Autumn Statement: The RHA's Asks for Infrastructure
By James Barwise, RHA Policy Advisor
Almost everything we eat, drink, wear, or use comes to us by road freight. Everything from the materials used to build the homes we live in, to the electronic device you may be reading this article on, to all the groceries and household goods in your local supermarket, has at some point been transported on a road by an HGV.
As such, our road network is central to both our economy and our lives, but you wouldn’t have thought as much from the lack of care and attention it receives. Our highways are not in the state they should be, and to add insult to injury, the drivers that transport these vital goods do not have the facilities they need to do their jobs safely.
Across the country, we see roads in disrepair, with the latest figures from the RAC showing a record high in pothole-related vehicle breakdowns. There is also insufficient capacity on the network to accommodate current travel demand – let alone meet the demand which expected in the future. The Department for Transport has forecast a 55% increase in traffic and 85% increase in congestion by 2040 – without significant intervention, the cumulative cost of congestion will exceed £300 billion by 2030. The consequences of not addressing this have significant economic consequences for the nation.
As such we’re calling for vital investment in our road network. We’ve seen how when National Highways are given the resources to deliver projects, it can significantly ease congestion for both the haulier and everyday motorist alike. For the same cost as the HS2 Birmingham-London link, National Highways could undertake fifty road improvement schemes on the same scale as the A14 Huntingdon-Cambridge Improvement Scheme and unlock huge economic opportunity across the country.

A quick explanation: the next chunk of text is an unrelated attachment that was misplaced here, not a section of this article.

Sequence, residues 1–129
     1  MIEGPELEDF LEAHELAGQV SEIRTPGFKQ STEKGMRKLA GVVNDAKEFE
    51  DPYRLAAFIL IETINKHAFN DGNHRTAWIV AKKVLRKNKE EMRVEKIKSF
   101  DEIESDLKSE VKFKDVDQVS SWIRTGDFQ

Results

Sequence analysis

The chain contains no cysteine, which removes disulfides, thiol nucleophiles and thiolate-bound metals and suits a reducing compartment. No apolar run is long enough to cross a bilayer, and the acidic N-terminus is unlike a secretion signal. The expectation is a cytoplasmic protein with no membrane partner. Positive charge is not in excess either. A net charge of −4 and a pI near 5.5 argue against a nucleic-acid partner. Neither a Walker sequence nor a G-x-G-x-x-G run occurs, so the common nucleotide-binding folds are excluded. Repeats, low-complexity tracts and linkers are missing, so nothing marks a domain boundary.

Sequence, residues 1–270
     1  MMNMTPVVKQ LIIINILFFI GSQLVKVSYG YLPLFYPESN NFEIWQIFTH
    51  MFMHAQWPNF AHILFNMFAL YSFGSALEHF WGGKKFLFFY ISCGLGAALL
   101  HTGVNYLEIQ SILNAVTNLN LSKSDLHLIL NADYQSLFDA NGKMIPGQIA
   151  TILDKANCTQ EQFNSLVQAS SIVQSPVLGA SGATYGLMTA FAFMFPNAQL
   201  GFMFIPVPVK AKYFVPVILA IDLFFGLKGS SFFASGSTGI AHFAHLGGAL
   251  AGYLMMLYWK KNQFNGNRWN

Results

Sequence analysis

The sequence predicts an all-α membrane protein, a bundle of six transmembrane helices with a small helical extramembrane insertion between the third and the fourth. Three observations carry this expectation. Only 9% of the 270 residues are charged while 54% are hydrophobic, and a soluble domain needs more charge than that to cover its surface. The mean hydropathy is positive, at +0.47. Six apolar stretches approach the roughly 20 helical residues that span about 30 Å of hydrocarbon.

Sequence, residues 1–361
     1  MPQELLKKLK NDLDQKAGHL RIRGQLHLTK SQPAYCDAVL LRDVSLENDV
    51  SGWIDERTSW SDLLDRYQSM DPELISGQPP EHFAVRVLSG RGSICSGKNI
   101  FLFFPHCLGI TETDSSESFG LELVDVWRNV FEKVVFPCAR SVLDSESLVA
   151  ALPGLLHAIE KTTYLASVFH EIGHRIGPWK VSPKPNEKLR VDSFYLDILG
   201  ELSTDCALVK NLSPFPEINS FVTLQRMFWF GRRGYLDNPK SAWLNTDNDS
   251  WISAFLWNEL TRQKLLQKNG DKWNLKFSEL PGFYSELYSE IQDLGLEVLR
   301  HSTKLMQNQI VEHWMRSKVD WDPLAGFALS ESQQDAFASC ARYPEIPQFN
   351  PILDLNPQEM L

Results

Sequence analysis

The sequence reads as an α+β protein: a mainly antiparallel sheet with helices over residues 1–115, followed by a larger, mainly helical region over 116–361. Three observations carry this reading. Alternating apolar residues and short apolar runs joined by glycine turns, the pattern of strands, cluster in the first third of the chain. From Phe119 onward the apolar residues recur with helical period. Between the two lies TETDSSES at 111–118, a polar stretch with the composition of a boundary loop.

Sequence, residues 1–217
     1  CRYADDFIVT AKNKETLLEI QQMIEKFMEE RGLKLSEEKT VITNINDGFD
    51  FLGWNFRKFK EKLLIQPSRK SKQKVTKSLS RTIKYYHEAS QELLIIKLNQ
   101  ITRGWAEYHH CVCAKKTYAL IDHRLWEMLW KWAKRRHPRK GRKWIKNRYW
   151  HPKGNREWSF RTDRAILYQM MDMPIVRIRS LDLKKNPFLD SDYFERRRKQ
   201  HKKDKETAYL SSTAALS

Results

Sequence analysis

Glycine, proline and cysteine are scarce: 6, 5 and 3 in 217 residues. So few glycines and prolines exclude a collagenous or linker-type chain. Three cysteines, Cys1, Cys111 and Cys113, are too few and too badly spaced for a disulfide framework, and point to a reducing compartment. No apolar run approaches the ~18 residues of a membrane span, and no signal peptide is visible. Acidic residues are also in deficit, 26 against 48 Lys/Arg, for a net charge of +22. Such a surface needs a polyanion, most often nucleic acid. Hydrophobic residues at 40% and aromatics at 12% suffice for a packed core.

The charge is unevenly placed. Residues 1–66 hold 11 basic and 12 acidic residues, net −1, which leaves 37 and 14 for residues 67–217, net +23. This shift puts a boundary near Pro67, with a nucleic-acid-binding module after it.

Elsewhere, we’ve been campaigning for the Government to think about road freight in a more joined-up way by establishing a National Freight Network. The NFN will highlight key freight corridors, identify and improve problematic bottlenecks, and ensure that complete supply chains are considered in planning decisions.
Most importantly, though, we need to reprioritise driver welfare and safety. Throughout the country, there is a severe shortage of adequate driver facilities – the country does not have enough HGV parking, and we certainly don’t have enough rest stops and secure parking facilities. Drivers are often forced to park up in lay-bys, without toilets or washing facilities or security cameras – resulting in unsanitary and often unsafe working conditions.
As a result, we will continue to campaign for the adequate provision of parking and secure facilities across the strategic road network. The Department for Transport must also take a more active role in streamlining local planning decisions to ensure that the delivery of such nationally significant infrastructure can’t be torpedoed by local nimbyist concerns.
As we look ahead to the Autumn Statement, the RHA will continue to call for the Government to take this country’s infrastructure needs seriously, and to pay attention to the needs of our industry and the needs of our drivers.